Tag Archives: catholicism

Confessions of a Cynical Catholic: God has left the Building

(This is a reblog of one of my 2016 posts from http://www.acatholicmoment.org) aaaaa

Out of all of the days of the Church year, Holy Saturday is my least favorite. Even though I know it is the last day of my Lenten journey and that Easter is only 24 hours away, there is a strange emptiness to it that I can’t shake. It’s as if God has left the building.

The first time I ever really thought about Holy Saturday was the year I saw Jesus Christ Superstar, the 1970s rock opera centered on the last days of Christ. Unlike a lot of passion plays or movies, there is no resurrection coda to give the whole thing a happy ending and from a plot standpoint Jesus Christ Superstar is a bit of a downer, but it did cause me to wonder what that first Holy Saturday might have been like for those who experienced it.

Was it only six days ago that they followed Jesus into the city of Jerusalem full of idealistic hopes and dreams? By Saturday it had to feel like longer. It always does when everything goes downhill quickly. Even though only a few days have passed, it feels more like 10 years have gone by in a blur. I imagine that by the time the sun set on Good Friday, the family and friends of Jesus went home in a daze, spent the evening in shock and woke up on Saturday feeling lost, alone and afraid that God had abandoned them.

It’s only natural for your faith to be a little shaky whenever you lose someone you love. It happens to us in the 21st Century so it only makes sense that it would have happened to them as well. I wonder if they spent Holy Saturday sitting analyzing every conversation, going over every “what if” scenario and reassuring one another that they did everything they could. I wonder if they really felt absolved or if no matter how much they talked, they ended up back where they started – with more questions than answers.

Did they wonder where God was when His Son was being crucified? Had He given up on the human race? If Jesus could feed the hungry, heal the sick and raise the dead, why couldn’t he come up with a quick getaway plan for himself? Maybe they argued over trivial things like why Jesus gave His mother to John and not Philip. Perhaps there were minor blow-ups that blew over and segued into uncomfortable silences as everyone tried to get their bearings.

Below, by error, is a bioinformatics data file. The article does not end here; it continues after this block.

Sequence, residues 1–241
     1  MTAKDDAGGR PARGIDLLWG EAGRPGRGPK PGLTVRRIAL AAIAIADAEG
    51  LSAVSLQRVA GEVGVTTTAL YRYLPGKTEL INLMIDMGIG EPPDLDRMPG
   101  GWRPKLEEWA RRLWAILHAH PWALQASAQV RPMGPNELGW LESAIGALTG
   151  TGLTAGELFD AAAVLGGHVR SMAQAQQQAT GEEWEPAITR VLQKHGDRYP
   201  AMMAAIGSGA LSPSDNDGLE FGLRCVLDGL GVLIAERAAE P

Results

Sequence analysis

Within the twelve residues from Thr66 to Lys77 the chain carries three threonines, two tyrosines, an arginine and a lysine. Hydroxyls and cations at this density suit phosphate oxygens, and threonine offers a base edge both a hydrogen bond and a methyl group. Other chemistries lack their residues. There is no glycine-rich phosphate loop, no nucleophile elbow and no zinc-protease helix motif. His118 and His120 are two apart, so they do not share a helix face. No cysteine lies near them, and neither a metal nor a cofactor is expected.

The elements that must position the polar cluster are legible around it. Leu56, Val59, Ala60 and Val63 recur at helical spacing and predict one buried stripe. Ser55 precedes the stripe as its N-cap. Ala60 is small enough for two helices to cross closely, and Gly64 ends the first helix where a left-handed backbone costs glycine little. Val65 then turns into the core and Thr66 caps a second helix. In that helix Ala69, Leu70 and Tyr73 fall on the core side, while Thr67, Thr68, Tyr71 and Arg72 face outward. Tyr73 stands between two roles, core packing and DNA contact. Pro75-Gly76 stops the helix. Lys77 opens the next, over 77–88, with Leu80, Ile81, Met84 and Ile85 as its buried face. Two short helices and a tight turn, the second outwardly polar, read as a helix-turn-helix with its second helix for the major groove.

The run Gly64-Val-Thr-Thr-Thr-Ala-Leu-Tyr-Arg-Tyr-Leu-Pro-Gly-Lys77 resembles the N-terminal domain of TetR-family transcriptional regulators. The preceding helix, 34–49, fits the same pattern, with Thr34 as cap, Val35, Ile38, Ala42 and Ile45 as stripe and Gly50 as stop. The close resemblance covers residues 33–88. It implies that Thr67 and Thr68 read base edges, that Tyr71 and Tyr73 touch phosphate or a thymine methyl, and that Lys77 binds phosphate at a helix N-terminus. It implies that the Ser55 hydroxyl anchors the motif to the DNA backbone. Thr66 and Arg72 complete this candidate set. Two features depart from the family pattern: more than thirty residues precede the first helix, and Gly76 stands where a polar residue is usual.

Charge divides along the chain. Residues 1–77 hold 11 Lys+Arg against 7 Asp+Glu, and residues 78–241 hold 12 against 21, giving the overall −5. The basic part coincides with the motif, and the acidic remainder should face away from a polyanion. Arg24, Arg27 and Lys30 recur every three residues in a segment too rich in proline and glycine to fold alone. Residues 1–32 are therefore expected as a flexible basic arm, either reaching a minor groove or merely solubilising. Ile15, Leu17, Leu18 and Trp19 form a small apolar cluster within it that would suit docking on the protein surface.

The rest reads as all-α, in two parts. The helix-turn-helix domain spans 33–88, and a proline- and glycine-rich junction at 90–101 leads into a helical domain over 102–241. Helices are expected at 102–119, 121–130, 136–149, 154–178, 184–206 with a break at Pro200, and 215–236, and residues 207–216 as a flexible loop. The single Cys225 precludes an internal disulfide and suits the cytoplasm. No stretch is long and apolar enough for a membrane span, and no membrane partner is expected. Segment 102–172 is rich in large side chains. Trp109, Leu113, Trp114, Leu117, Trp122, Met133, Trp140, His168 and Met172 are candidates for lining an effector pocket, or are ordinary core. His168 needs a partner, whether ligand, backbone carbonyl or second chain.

Somehow I can picture James breaking into everyone’s thoughts to ask about something Jesus had said. “Remember when He said He could destroy the temple and rebuild it in three days? Did anyone else get what he talking about, or am I the only one who didn’t understand.”

“Nah,” Bartholomew said, shaking his head. “I didn’t get it either. Everyone knows it takes more than three days to get a permit around here, let alone line up a construction crew.”

“Jesus was a good carpenter, but even He isn’t THAT good,” Thaddeus offers with a chuckle.

There would have been laughter. There would have been tears. There would have been memories. They would have done what families do when there has been a loss. At some point, someone might have announced that it was getting late and they should turn in for the night. Sabbath would be over soon and there was work to be done in the morning. Mary and her friends would volunteer to go to the tomb the next day to anoint Jesus’ body since there wasn’t time to do it the day before. Peter might have nodded and warned her to be careful around the Roman guards that have been placed outside the tomb.

“You should probably take someone with you to help with that rock,” he muttered before retiring for the night. “That thing weighs a ton.”

For everyone else, it was just another Saturday, but for the friends and family of Jesus, their world felt shattered. As with the loss of any loved one, it would hurt for days, weeks, months and years to come, but maybe, with a little faith they would eventually come to realize that God is still with them, even when it feels like He isn’t.